I gained a different sense of human connection that I never really had before.
I realized though, that again, just like with a significant other you can’t keep your feelings all bottled up. It seemed like all of the people that I was living and studying with completely loved their experience. Some of those people even said they felt like they truly belonged in Italy where I didn’t feel that at all. I would feel bad to say anything opposing about the place we were staying in though because I didn’t want to take away from their experience. It wasn’t until I was out sharing conversations and a few pints with my roommates when we ran into a couple other classmates of ours. I was having a conversation with one of these classmates, after feeling the pints going through my bloodstream for quiet awhile, I happened to blurt out a recent frustration I had been having with Italy.
At first, I held my breathe worried that I would just sound like I was complaining and should apologize for what I was saying when, much to my dismay, she felt the same way. A feeling of relief came over me that she too wasn’t completely obsessed with this place at all times. We continued to vent a little but then went on to talk about the things we do enjoy about living there. Sometimes you just need to vent. I did and still do have a deep love for Italy and I know that is proven when I was allowed to complain about the place I was in but continued on to appreciate it and never once thought about booking a one way ticket back home. It’s when you start to become bitter and form a hatred for a place that makes you think you should move back home.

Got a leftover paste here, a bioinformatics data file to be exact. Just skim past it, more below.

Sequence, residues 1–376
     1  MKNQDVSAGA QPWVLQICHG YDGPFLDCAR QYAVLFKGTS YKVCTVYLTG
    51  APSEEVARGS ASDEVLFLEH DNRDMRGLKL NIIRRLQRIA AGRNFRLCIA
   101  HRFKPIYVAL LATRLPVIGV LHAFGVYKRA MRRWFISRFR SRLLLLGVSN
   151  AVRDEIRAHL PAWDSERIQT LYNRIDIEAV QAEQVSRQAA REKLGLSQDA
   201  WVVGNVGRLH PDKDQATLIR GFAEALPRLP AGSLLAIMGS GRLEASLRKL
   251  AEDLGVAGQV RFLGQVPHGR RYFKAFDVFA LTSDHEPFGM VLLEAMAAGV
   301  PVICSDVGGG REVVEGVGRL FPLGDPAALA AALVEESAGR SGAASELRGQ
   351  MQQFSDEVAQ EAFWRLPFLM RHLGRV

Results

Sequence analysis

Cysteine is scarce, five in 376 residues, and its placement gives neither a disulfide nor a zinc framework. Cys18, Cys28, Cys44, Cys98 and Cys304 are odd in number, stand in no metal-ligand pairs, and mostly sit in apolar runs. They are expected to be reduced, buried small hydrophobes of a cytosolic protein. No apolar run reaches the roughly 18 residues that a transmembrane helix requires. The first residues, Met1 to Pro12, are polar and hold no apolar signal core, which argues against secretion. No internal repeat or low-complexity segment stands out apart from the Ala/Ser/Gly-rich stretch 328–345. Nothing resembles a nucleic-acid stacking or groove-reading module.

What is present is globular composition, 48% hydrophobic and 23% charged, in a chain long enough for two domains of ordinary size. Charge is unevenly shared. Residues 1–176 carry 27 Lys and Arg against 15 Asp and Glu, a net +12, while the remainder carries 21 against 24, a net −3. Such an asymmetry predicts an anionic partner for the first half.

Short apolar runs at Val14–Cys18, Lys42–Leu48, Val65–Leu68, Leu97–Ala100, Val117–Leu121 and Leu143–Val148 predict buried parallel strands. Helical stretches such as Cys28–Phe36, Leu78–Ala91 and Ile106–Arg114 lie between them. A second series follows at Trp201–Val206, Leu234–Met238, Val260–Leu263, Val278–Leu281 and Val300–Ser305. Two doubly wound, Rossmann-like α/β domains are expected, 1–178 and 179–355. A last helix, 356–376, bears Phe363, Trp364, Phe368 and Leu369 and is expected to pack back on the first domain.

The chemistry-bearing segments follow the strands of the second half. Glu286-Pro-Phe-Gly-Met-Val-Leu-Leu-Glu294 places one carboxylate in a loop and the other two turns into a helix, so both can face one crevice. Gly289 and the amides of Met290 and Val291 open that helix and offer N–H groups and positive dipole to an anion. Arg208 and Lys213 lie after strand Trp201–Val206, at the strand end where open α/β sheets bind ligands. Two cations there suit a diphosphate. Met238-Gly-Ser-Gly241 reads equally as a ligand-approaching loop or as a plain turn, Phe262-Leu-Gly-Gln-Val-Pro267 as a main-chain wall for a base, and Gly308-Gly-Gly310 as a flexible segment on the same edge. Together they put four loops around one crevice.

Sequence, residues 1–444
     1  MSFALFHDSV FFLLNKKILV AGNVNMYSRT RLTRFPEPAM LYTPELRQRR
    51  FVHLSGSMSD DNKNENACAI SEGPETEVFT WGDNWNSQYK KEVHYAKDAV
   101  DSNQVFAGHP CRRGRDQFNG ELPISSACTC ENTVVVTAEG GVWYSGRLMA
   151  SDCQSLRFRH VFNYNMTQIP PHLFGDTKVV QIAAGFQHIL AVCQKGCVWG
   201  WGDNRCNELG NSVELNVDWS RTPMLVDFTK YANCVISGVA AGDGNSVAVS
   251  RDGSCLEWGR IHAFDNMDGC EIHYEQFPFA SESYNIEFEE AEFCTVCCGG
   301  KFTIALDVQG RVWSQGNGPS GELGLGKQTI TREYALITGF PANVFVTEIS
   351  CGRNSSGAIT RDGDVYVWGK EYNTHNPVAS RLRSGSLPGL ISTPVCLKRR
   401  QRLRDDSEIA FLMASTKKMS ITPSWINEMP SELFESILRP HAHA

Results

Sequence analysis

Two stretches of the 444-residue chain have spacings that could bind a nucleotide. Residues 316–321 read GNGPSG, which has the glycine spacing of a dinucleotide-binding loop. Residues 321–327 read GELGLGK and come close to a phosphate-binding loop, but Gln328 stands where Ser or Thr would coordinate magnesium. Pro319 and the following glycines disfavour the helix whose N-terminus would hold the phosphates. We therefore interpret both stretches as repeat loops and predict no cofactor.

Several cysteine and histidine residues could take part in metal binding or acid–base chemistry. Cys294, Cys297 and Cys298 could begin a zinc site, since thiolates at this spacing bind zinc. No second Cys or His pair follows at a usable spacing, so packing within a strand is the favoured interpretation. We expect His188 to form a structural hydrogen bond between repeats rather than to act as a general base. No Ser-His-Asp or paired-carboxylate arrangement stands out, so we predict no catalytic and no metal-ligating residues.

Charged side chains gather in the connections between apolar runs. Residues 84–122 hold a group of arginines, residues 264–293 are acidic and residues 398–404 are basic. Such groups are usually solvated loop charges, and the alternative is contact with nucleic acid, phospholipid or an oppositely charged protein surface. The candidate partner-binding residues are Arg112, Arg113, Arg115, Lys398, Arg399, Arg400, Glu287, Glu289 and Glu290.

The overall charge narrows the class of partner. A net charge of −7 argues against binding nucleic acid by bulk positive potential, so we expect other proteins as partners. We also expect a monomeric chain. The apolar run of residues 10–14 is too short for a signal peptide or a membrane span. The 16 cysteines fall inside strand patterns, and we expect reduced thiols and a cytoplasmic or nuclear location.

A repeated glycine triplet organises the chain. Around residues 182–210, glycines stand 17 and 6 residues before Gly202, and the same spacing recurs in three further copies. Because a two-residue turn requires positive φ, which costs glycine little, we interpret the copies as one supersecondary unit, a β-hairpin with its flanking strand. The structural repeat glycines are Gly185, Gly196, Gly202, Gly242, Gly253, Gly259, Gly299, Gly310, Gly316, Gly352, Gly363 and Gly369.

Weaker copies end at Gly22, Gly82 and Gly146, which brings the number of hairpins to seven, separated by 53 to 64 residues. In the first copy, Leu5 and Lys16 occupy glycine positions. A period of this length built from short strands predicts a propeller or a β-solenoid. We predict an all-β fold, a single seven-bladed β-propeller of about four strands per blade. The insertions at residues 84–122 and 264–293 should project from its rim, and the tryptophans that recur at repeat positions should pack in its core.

I guess what I am trying to summarize is exactly what Whitney Cox states in her one-stop Indie Travel guide called, Boots ‘n All,
“A lot of people philosophize about the Peter Pan appeal of traveling—about regression to a childlike state of wonder and freedom. We can all see the appeal of traveling back to a time when everything was thrilling and new. But if a vacation is an escape to the magic of childhood, then living abroad is a visit to the pangs of adolescence. Welcome to the purgatory between young recklessness and adult competency! Unlike tourists, you are charged with errands and chores; unlike locals, you have no idea how to accomplish anything on your to-do list.
But once you get past the growing pains, and start learning how to take care of yourself in unfamiliar territory, you get to experience the magic of actually growing up. It’s a world of implicit triumphs and it’ll-be-funny-later humiliations.”
Ultimately, this post is dedicated to the purgatory between young recklessness and adult competency because this is just something that I feel like nobody talks about with traveling.